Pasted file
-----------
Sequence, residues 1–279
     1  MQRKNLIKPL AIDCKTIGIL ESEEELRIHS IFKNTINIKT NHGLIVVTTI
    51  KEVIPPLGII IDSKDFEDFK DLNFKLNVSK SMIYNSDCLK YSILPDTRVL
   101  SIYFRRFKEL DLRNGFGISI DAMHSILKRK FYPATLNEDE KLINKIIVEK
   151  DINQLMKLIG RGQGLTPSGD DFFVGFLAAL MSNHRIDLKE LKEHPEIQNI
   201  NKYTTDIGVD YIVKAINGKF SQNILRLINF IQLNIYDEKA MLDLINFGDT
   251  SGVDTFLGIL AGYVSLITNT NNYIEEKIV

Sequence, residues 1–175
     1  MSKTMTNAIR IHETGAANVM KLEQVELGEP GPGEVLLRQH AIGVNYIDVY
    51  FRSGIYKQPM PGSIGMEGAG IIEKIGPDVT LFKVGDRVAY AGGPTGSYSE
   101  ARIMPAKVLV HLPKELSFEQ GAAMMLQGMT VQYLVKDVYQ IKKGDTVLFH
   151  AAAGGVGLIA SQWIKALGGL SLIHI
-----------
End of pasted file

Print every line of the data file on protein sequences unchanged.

Sequence, residues 1–279
     1  MQRKNLIKPL AIDCKTIGIL ESEEELRIHS IFKNTINIKT NHGLIVVTTI
    51  KEVIPPLGII IDSKDFEDFK DLNFKLNVSK SMIYNSDCLK YSILPDTRVL
   101  SIYFRRFKEL DLRNGFGISI DAMHSILKRK FYPATLNEDE KLINKIIVEK
   151  DINQLMKLIG RGQGLTPSGD DFFVGFLAAL MSNHRIDLKE LKEHPEIQNI
   201  NKYTTDIGVD YIVKAINGKF SQNILRLINF IQLNIYDEKA MLDLINFGDT
   251  SGVDTFLGIL AGYVSLITNT NNYIEEKIV

Sequence, residues 1–175
     1  MSKTMTNAIR IHETGAANVM KLEQVELGEP GPGEVLLRQH AIGVNYIDVY
    51  FRSGIYKQPM PGSIGMEGAG IIEKIGPDVT LFKVGDRVAY AGGPTGSYSE
   101  ARIMPAKVLV HLPKELSFEQ GAAMMLQGMT VQYLVKDVYQ IKKGDTVLFH
   151  AAAGGVGLIA SQWIKALGGL SLIHI